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The Dichotomy of Diabetes
It was late in the evening, and I was with my father in the kitchen. I scratched my wrists, and my dad looked appalled. I looked down. They were red and raw, like my mom’s, not at all how the wrists of a six year old were supposed to look. I hadn’t noticed. I just thought they were itchy, maybe I had gotten some bug bites or poison ivy. How was I supposed to know that my wrists could be a sign of something so much bigger?
My wrists weren’t the only issue. I had always loved drinking soda and chocolate milk and water, but now I was taking in so much more. Every soccer game I would take over the oranges, the strawberries, the watermelon, whatever was there, desperate for every scrap of liquid I could find. I was SO thirsty. My breath made my family cringe, although I loved the sweet tanginess, except of course when that tanginess prohibited me from getting any satisfaction from all of the liquids I was taking in. In school, my kindergarten teacher thought I was just trying to get out of “Circle Time” when I went to the bathroom ten times in one day; she hadn’t noticed the gallons of water I was chugging throughout the day, the fact that I was practically hopping in place waiting for her to let me go, my face twisted in agony. Twice I had fallen into a deep sleep during rest time, and twice it had been nearly impossible to wake up. Connie, an aid in my classroom, frantically called my mother in from across the hall, where she worked as a kindergarten aid, while at the same time Lorrie, the school nurse, ran into our blue-outlined room, ready to do whatever was necessary to wake me up.
On my sixth birthday, I came inside from recess and left early with my mom, my head warmer than the sun and everything aching. When I got home, I slept for sixteen consecutive hours.
My sister, Emily, who had always played on the A team for our town soccer league, had a tournament on Columbus Day weekend. I made it through the games and out to lunch at the mall. I went to the bathroom before, during, and after lunch. My mother and I got into our van, ready to go home and leave Emily to hang out with her friends. Not more than ten minutes after my last trip to the bathroom, I already had to pee again. My mom raced through route 9, trying to make it home. I was whining about how bad I had to go when suddenly, my whines turned into sobs. I was six years old and I had wet my pants. While I was freaking out with shame and disgust, my mom calmly pulled into Papa Gino’s. We ran into the bathroom, ignoring the “No Public Restrooms” posters, me with urine trickling down my legs and soaking my pants.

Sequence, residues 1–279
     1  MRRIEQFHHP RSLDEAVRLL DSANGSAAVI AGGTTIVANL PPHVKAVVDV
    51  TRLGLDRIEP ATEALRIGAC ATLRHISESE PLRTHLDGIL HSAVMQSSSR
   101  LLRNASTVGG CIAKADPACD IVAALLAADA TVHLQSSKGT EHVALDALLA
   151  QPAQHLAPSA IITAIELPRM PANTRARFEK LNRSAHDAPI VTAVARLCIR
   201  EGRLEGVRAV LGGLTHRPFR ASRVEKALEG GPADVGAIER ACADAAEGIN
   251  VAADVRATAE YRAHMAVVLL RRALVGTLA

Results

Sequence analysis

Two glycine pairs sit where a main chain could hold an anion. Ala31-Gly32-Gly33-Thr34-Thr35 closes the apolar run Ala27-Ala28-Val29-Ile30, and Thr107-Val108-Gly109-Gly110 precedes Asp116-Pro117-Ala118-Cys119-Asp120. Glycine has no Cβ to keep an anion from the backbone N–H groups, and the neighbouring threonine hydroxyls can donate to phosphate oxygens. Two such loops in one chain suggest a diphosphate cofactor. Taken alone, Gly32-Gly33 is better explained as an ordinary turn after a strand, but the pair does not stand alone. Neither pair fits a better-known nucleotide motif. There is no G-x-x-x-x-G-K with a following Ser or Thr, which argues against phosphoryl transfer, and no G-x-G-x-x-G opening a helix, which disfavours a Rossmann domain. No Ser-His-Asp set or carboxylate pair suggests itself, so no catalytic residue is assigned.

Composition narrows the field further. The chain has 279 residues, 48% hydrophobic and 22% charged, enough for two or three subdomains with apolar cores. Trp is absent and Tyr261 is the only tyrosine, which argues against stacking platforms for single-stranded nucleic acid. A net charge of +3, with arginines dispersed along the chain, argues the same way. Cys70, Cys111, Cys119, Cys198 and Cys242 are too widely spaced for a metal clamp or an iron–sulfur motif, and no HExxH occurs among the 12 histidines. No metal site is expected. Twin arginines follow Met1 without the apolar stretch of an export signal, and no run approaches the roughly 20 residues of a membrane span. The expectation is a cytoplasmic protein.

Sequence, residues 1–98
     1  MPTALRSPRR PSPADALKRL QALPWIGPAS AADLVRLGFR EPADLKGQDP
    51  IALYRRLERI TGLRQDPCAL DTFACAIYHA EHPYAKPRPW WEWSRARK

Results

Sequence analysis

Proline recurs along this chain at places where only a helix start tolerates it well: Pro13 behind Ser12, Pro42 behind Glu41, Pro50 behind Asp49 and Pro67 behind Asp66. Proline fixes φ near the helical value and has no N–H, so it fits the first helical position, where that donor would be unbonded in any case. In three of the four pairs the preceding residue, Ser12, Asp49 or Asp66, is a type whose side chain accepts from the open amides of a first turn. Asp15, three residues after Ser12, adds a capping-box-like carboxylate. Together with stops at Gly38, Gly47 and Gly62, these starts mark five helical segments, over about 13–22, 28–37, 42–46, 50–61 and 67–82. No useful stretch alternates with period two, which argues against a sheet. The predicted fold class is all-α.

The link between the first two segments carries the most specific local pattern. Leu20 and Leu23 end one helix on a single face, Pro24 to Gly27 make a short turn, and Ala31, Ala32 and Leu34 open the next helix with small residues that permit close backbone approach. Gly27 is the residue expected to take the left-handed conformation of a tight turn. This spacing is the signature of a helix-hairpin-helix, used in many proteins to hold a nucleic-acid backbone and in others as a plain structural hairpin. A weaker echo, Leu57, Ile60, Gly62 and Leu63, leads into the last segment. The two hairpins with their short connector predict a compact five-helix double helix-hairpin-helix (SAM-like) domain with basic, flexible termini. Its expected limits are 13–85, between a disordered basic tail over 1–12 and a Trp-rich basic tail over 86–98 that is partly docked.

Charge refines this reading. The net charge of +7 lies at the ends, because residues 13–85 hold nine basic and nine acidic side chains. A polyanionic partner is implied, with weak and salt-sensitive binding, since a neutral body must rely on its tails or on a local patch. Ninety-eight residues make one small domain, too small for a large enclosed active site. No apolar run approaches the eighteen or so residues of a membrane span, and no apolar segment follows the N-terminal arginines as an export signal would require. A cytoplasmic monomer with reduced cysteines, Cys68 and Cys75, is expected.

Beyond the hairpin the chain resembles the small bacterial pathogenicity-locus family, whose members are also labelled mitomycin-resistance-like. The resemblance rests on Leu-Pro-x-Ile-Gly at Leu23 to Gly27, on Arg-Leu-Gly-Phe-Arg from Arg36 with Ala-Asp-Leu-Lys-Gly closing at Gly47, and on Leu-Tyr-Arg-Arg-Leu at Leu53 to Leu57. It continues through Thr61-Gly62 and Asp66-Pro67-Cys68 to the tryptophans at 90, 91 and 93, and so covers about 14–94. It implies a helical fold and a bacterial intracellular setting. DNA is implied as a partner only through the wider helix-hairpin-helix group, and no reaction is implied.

When we got home, I showered and did my best to clean myself up, leaving my mom to deal with the disaster in the van and my yellow stained clothes. When my dad got home that night, my mom turned to me:
“Do you want to tell Dad what happened today?” she asked. I could feel myself going red with shame.
“What happened?” he echoed.
I twisted around on the couch to avoid meeting his gaze. “I wet my pants in the car.” My dad was not pleased.
On October 10th, 2006, my entire kindergarten class went on a trip to Bolton Orchards to go apple picking. As I watched my friends running, laughing, playing, and piling apple after apple into their bags, I sat myself down in the shade and sucked the life out of every apple within my reach. I didn’t get up to run. I didn’t want to play or laugh. I didn’t keep any apples in my bag for longer than five minutes. Soon, my pile of lifeless apples that lay on the ground beside me was comprised of more apples than the bags of all of my friends combined.
My mom was disgusted at my gluttony. After talking to Lorrie about my strange behavior, she decided to take me to see my pediatrician, Dr. Michael.
Luckily for us, Joanne, a friend of my mom’s, answered the phone and listened as my mother rattled off my long list of ailments and symptoms. Recognizing these signs, Joanne put us in the system and told us to come in right away. When I arrived at my pediatrician’s office, Dr. Michael smiled and joked and tried to make me laugh, but concern was etched across his face. I felt like crap, and he knew it. He was afraid of telling us the life changing news. He sent me down to the lab for urine and blood tests. I peed in a cup and saw my life flash before my eyes as the phlebotomists drew nearer to me with a long, sharp needle. They put it in, and I let out a sigh of relief. That wasn’t that bad. It was better than a vaccine. The phlebotomists were shocked. The tiny, forty nine pound, three foot eight little girl hadn’t even flinched when they stuck her with the needle that had caused countless adults to fall unconscious.
Dr. Michael came down moments later to review the results of my blood work. He said something about “diabetes”. What’s diabetes? Am I going to die? When can I go home? Can you please get me more water? I’m really thirsty. Do you need another urine sample? Because I can get that for you. I’ve been holding it for ten whole minutes. Honestly. Are you sure you don’t need me to pee again? Oblivious to the chaos inside my mind, Dr. Michael told my mother and I to go to the UMass Emergency Room in Worcester.
As Dr. Michael walked away, a tragic expression on his face, I turned to my mom and uttered the only question I could get out of my mouth: “Mommy, are there going to be more shots like that?”